Cisco To Rebrand And Resell Opsware's NAS

The deal between Cisco, San Jose, Calif., and Opsware, Sunnyvale, Calif., to rebrand and resell Opsware&'s Network Automation System (NAS) as a Cisco product means that in practice, Opsware partners currently selling NAS will likely have to “step aside” if either Cisco&'s direct or indirect sales force competes against them for a NAS customer, said Opsware CEO Ben Horowitz.

Opsware&'s rationale for the deal is to leverage Cisco to substantially broaden the sales footprint of NAS technology, creating more NAS customers to upsell into Opsware&'s flagship product—the Opsware Server Automation System (SAS), Horowitz said. SAS is the embodiment of Opsware&'s overarching network automation ambitions and combines provisioning, change and policy management, and compliance, he said.

But only Opsware&'s direct sales force sells SAS, Horowitz said.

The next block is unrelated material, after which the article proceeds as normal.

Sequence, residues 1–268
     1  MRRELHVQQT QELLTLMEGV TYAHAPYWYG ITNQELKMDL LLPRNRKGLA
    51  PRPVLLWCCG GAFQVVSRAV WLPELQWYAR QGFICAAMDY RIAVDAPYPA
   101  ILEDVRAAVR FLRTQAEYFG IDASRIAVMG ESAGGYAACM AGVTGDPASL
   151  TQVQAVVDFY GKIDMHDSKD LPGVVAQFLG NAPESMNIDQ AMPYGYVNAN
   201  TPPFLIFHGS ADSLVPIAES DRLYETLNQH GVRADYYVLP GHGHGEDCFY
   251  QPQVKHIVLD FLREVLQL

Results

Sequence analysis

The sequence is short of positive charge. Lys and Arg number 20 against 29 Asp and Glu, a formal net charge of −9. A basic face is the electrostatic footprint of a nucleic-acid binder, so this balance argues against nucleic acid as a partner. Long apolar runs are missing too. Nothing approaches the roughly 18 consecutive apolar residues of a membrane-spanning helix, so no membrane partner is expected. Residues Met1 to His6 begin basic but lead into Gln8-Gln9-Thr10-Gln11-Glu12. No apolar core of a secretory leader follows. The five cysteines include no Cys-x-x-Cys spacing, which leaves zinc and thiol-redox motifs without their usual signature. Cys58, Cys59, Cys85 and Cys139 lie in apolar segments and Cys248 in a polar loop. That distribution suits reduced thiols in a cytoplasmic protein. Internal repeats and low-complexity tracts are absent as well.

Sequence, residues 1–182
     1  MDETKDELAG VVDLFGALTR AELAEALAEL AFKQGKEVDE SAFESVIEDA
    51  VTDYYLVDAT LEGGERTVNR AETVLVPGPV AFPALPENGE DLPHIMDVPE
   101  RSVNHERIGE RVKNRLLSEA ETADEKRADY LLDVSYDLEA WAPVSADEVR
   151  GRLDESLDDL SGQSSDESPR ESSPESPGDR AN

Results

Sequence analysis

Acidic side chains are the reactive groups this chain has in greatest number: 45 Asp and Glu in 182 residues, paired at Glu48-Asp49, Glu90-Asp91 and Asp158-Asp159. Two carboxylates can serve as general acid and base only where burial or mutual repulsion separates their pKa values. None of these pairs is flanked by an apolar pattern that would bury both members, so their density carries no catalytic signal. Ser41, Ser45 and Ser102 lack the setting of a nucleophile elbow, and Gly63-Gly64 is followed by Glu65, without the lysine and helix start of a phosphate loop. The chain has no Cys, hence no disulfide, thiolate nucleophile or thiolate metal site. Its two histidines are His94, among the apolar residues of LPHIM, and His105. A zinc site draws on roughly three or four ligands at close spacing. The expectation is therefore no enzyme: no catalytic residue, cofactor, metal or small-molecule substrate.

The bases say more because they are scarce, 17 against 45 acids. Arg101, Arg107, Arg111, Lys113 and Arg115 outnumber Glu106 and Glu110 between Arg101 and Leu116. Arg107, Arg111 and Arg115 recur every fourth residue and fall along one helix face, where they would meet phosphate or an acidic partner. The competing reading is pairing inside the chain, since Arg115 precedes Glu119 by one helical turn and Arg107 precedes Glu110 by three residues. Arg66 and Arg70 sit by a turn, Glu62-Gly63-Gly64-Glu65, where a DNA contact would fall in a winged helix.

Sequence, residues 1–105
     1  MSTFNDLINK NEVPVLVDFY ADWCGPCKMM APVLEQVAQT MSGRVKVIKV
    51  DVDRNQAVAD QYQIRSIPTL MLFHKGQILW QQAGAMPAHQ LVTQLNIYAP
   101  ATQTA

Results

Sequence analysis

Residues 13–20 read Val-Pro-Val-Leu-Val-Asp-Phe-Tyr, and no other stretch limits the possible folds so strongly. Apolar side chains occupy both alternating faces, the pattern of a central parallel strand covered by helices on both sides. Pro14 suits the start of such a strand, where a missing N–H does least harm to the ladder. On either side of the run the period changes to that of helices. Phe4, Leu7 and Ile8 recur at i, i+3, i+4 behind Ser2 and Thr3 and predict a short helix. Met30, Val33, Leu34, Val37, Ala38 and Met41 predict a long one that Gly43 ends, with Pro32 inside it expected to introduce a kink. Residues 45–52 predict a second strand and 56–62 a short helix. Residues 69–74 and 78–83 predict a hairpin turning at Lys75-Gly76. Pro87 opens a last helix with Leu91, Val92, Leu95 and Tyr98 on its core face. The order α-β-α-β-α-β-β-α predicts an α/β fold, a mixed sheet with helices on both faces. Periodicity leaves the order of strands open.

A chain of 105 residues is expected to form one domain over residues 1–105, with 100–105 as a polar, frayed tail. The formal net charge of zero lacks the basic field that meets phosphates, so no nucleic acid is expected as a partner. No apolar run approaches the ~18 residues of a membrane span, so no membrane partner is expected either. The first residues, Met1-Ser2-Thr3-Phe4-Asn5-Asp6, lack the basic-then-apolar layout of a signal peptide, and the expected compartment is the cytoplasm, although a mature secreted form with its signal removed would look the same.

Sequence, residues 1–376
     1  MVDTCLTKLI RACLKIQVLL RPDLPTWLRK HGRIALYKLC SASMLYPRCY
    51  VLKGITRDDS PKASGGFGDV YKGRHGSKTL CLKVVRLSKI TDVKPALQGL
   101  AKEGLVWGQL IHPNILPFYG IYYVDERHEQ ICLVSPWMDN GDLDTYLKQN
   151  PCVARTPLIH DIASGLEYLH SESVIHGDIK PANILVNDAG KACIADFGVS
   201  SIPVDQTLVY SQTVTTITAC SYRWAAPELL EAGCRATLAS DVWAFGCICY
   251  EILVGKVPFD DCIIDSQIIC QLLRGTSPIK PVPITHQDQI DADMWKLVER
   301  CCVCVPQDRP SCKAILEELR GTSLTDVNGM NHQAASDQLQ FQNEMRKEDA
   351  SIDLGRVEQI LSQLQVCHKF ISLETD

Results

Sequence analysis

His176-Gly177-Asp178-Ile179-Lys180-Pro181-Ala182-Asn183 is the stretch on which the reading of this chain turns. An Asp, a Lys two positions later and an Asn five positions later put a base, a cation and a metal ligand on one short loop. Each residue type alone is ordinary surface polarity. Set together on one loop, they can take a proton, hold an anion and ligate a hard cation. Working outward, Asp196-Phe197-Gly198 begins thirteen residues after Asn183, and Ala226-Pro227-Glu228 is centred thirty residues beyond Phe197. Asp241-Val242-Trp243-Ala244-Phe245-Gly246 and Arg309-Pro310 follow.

When it comes to selling NAS, “our preference would be to lead with the Cisco product,” said Brett Rushton, vice president of network infrastructure at Calence, a large solution provider and both a Cisco and Opsware partner in Tempe, Ariz.

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Rushton believes that the authority Cisco brings to NAS will make it easier to sell, and he expects sales of NAS—which have been moving at just under one per month over the past year—to significantly increase when Cisco releases its branded version in the coming months. Calence will continue to offer the original, Opsware-branded version of NAS, but it is still too early to tell which customers will require it, Rushton said.

NAS, which will help Cisco better compete with vendors such as BMC Software and Hewlett-Packard, is specifically designed to handle sprawling, complex networks composed of thousands of devices. The exact financial details of the deal are not being disclosed, Horowitz said.

Further development of new products between Opsware and the Cisco Network Management Technology Group also is part of the new distribution deal.

As for Opsware&'s existing relationships with Cisco competitors Juniper Networks, Nortel Networks and others, Horowitz said the Cisco deal “will improve those relationships.”